‘Gis a job, I can do that’: finding work after the PhD

A skill you might not imagine practicing as part of a PhD is writing your CV and a cover letter or personal statement… once, twice, ten, twenty, a hundred times. For many PGRs, the final year of thesis is a balance between completing the writing-up and finding a new post.

By Pierre Botcherby.

Cards on the table, this blog post is late. The last few weeks of work have been so busy, I’ve found myself pushing this back and further back in my diary. The same thing can happen with job hunting. PGRs are often juggling the search for the next step with the pressures of writing up and once their funding has run out. Or the hunt takes place post-submission, squished into five free minutes here and there between multiple part-time roles, making it hard to think seriously about a decent post-doc idea. 

My job-hunting journey began about six months before I submitted. A good starting point are in-house post-doctoral schemes, such as the IAS Early Career Fellowship at Warwick. These are often short posts, between six and twelve months, which give you the chance to develop further outputs from the thesis and to think with a bit more clarity and time about subsequent post-doc ideas. The catch – at Warwick at least – is the relatively low rate of pay.

A group of scrabble letters spelling out the word application
Image Credit: geralt /24058 images

I didn’t get one of these… so I started looking for teaching fellowships and for research assistant roles on other people’s projects. These roles also tend to be quite short-term, maybe a year or two, but again you don’t need a fully-formed research idea in mind (which can be hard to come up with alongside finishing a thesis). Of course, the problem is that many candidates will be more experienced than you so it can be hard, without a finished PhD, to standout from the crowd. This is probably the only sector where for every job, each candidate will have (or nearly have) a PhD.

Having not got very far with these options, I started looking into university administration, and this is where I found my current roles in Warwick’s Doctoral College and Community Values Education Programme. I started with quite a small number of hours (about 15 a week between the two), and have gradually increased these across the year, albeit keeping one day a week for thesis/research-related activities. This breather from research has been quite nice after four years hunched over the thesis and has given me a lot of new experiences.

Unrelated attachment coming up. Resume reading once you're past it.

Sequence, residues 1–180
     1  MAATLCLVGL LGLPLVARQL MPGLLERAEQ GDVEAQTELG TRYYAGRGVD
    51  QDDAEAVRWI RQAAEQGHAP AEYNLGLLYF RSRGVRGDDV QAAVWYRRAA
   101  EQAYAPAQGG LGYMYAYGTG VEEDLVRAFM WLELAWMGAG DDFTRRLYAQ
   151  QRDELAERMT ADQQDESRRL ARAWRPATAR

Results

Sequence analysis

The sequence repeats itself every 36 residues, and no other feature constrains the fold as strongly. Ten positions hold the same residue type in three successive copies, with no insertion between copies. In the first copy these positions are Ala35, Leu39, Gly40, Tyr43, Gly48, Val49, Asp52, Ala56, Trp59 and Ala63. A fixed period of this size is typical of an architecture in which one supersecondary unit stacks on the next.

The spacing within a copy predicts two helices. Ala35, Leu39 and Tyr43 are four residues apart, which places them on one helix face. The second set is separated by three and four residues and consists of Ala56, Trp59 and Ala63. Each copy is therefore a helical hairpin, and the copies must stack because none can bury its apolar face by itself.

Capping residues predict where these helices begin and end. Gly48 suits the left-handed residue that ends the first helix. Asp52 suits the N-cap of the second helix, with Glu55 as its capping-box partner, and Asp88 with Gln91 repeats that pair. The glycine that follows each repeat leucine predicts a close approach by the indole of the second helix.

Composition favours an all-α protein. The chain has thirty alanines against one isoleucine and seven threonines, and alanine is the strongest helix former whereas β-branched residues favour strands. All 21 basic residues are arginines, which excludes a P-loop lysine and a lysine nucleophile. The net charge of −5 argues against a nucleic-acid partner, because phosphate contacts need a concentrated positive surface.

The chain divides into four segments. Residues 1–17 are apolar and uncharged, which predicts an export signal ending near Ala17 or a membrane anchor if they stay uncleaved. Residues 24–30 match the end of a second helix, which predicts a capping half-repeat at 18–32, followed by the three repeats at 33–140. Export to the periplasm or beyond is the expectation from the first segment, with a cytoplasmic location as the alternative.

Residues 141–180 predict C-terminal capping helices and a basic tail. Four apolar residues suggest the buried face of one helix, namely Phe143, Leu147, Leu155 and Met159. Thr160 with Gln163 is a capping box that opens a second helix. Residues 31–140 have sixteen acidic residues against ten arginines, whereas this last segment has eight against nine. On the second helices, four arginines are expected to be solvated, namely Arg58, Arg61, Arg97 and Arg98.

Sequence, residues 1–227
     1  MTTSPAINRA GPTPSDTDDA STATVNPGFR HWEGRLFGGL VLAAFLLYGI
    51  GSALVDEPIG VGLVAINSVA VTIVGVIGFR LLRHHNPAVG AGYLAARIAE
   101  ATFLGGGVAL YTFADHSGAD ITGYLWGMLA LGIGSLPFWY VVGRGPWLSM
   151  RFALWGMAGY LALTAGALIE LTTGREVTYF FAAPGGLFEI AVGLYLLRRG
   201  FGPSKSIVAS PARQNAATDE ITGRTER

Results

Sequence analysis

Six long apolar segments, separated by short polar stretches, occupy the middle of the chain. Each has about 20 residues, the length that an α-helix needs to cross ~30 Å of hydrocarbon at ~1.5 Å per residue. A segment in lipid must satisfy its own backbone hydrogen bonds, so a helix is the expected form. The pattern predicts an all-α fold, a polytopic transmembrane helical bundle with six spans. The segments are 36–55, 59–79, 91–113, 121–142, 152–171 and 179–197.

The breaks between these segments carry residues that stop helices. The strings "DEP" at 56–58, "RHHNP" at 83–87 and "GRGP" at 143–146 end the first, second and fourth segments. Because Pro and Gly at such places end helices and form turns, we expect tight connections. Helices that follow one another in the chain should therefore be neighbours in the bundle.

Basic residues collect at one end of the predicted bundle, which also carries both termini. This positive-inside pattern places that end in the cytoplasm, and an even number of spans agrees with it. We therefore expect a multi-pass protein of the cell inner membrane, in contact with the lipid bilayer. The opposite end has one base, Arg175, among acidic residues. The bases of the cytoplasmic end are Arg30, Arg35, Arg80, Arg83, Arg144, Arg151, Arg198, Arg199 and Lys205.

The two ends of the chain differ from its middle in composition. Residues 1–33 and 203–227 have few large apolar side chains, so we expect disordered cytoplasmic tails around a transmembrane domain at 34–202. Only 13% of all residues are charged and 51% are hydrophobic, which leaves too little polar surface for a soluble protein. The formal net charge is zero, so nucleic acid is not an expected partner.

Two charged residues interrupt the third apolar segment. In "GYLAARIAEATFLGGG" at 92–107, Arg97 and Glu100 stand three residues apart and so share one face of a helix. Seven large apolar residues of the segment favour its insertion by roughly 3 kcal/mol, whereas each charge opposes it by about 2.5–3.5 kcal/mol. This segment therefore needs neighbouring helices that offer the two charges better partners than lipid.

Despite a pause during the autumn and winter, the hunt hasn’t stopped, and the merry-go-round of adverts-CVs-cover letters-rejections is beginning again, as I start thinking about what next year will bring. I’m aware this hasn’t been a very upbeat post, certainly in comparison to my previous ones, but job hunting can be quite a tiring and dispiriting task. The trick is to keep going. If you keep looking, you will find something. It may not be exactly what you imagine – my current roles certainly aren’t – but it can still be a good experience.

So, where can a PGR go for helping with job hunting?

For adverts and vacancies, jobs.ac.uk is the standard starting point, especially for posts in the UK. For a more Europe-wide reach, euraxess.ec.europa.eu is useful. For admin, try Unitemps. If you want guidance with things like CVs and cover letters, the university’s Researcher Development programme offers workshops about this. Targeted careers guidance can also be sought from the university’s Careers service, including your department’s careers advisor. Resources like The Professor is In and Beyond the Professoriate can also be helpful, albeit with quite an American slant.


If you’d like to read more on job-hunting and careers, take a look at our bloggers’ experiences of academic and non-academic careers.

Are you currently job hunting? What would you like to do after your PhD? What advice would you give to others? Leave a comment below, tweet us @researchex or send us an email at libraryblogs@warwick.ac.uk

Leave a Reply

Fill in your details below or click an icon to log in:

WordPress.com Logo

You are commenting using your WordPress.com account. Log Out /  Change )

Twitter picture

You are commenting using your Twitter account. Log Out /  Change )

Facebook photo

You are commenting using your Facebook account. Log Out /  Change )

Connecting to %s

Blog at WordPress.com.

Up ↑

%d bloggers like this: